Was the budget really this week?
Usually the Sunday paters would be full of commentary unpacking it.
It has been crowded-out by Covid19, but when the pandemic is over, the budget’s implications may be profound.
Budget day is misery for the Opposition. I know- I spent 13 years of it. The Government has the initiative, all the popular announcements, and the ability to disguise any bad news.
Last week the Opposition’s misery was compounded by their belief that it was their own manifesto’s large expenditure proposals that the Chancellor was stealing.
To be fair, there was a little nervousness on the Government side as some of us felt that people had not necessarily voted Conservative in December in the expectation that the Tories would bring in a Labour budget.
In reality, the budget wasn’t quite like that. Whilst there was more money for the NHS, it was by no means John McDonnell’s drive for increased day to day expenditure across the board, paid for by taxing business and the better off.
The Budget’s emphasis -aside from vital help to deal with Covid19, was on investment to address Britain’s low productivity and to ‘level-up’ those areas that have been in long-term relative decline.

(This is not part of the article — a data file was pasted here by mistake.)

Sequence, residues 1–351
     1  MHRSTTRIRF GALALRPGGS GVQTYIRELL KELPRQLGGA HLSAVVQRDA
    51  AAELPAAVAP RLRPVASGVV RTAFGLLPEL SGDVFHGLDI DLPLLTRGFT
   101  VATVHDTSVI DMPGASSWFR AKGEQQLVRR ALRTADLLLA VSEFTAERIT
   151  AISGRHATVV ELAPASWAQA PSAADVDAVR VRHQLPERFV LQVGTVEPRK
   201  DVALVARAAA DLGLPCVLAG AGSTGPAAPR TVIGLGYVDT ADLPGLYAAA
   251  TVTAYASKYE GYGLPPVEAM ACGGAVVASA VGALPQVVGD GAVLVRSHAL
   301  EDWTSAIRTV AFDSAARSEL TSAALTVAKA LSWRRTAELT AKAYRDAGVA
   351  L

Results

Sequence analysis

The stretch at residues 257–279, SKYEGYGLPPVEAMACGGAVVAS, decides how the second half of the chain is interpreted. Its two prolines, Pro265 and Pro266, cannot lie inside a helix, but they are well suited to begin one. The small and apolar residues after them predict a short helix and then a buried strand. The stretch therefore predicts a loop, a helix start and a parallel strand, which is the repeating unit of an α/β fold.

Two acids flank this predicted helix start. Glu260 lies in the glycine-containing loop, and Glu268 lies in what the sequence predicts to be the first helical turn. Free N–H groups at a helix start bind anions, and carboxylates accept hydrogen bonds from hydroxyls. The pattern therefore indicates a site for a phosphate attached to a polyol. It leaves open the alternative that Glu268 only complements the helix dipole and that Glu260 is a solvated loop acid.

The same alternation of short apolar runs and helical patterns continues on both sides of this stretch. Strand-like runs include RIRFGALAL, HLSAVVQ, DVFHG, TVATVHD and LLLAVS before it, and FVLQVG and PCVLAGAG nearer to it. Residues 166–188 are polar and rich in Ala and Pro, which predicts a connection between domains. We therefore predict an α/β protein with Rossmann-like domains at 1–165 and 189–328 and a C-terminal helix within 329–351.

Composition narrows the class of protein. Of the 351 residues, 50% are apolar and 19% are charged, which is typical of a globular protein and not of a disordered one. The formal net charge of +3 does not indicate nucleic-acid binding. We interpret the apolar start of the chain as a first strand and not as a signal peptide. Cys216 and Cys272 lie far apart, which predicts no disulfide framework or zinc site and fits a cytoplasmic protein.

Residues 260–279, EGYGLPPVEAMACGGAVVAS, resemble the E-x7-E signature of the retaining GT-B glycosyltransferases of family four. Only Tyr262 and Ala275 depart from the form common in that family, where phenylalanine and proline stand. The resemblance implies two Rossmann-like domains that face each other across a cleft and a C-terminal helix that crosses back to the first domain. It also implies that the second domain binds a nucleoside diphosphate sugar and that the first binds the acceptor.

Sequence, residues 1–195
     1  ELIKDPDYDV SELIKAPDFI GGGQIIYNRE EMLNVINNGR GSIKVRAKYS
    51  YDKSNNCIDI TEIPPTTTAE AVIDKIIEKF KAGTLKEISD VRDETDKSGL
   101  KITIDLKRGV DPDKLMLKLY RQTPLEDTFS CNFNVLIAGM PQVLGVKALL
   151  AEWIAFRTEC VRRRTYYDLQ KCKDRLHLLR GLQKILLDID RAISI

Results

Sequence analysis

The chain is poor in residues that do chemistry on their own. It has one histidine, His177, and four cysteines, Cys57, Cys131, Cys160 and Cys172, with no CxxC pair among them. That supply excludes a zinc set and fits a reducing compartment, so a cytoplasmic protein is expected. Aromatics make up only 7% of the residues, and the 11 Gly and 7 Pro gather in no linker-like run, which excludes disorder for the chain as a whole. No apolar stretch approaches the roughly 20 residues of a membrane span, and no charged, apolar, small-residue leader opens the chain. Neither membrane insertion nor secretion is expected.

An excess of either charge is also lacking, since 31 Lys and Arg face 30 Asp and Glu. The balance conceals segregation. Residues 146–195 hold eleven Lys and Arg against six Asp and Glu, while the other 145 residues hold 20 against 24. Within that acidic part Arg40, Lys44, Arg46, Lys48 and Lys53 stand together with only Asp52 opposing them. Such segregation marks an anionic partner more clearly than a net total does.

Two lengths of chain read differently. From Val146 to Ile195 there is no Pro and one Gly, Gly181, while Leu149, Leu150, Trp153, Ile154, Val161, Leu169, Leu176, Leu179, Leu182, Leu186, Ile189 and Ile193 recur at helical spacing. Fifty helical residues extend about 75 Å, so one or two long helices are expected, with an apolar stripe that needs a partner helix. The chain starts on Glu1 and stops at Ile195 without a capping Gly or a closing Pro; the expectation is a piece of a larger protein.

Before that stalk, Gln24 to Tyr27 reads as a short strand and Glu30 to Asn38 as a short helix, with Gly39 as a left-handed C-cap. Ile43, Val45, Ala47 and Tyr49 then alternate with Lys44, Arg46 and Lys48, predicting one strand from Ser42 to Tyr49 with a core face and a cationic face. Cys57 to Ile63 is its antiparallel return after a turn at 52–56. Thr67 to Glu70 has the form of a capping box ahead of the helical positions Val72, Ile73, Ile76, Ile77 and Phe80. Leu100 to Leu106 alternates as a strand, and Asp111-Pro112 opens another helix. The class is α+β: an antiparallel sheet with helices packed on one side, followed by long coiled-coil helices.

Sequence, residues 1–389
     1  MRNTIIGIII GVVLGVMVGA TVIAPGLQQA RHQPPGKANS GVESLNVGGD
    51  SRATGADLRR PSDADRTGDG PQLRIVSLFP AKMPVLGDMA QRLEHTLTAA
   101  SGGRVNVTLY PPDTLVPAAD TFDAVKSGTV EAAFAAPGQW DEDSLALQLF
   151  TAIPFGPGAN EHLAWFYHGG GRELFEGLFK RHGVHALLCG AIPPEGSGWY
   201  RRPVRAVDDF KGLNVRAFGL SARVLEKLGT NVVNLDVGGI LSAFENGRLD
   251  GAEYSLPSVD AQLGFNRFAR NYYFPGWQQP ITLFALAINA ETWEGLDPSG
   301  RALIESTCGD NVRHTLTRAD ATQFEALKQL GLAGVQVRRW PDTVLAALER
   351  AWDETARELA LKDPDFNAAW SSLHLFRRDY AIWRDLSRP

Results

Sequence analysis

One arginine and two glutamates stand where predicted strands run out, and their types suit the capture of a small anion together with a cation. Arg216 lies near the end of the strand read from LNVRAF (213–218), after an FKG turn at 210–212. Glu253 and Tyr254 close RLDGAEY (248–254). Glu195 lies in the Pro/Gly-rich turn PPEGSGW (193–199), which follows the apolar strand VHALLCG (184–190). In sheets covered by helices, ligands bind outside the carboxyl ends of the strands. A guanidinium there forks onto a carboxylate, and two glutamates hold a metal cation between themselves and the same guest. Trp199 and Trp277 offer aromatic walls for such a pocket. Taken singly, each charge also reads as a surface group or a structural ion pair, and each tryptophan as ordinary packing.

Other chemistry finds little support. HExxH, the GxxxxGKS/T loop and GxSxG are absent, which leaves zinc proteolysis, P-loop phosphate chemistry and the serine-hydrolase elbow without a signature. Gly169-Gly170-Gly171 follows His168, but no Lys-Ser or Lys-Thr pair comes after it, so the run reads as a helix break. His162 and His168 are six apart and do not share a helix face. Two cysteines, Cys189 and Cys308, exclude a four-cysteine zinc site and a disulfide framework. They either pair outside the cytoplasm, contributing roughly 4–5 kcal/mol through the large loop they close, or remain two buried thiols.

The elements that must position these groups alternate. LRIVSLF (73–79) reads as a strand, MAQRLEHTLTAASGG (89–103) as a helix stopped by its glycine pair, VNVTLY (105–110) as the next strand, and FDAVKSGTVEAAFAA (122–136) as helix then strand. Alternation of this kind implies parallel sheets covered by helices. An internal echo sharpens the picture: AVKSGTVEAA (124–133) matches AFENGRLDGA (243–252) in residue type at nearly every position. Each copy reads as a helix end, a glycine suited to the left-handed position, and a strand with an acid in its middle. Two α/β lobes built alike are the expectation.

This incentive to borrow in order to invest is hard to resist: currently the Government can take a ten-year loan in the markets with a zero, and even negative rate of interest.
Nevertheless, I do have reservations.
I believe in a smaller state and lower taxes, and that in our mixed economy we need more of the private sector and less of the government sector in the mix. This budget took as a step in the other direction.
Large scale investments will be undertaken by the Government, in the past government investment performance has been patchy. I have never had confidence in government’s ability to ‘pick winners’.
The distinction between what is ‘investment’ -generating future returns, and what is day to day current expenditure has often been an elastic one. Fiscal rules are not immune to bending.
That is why it is always prudent to keep the total government borrowing requirement in check and to see that the stock of government debt is on a downward trend as a proportion of national income (it still is -just).
I recall a Conservative election poster in 2010 with the image of a new-born baby and the slogan ‘ she has her mother’s eyes, her father’s hair…and Gordon Brown’s debt’.
Tories must continue to heed their own advice about borrowing: never to borrow now in the expectation that future generations will repay.
What a difference a couple of days make:
What I wrote on Sunday for this column was completely overtaken by events on Tuesday.
Having expressed some concern about an expansionary budget of £30 billion, how do I react to the announcement this week of a further £330 billion.
Counterintuitively, I approve wholeheartedly.
We are now in an economic existential crisis pf a greater order than 2008. We responded then with an even larger package to prevent the collapse of the financial sector. It was tough but it paid off.
It is essential that we respond to the new circumstance to prevent economic oblivion.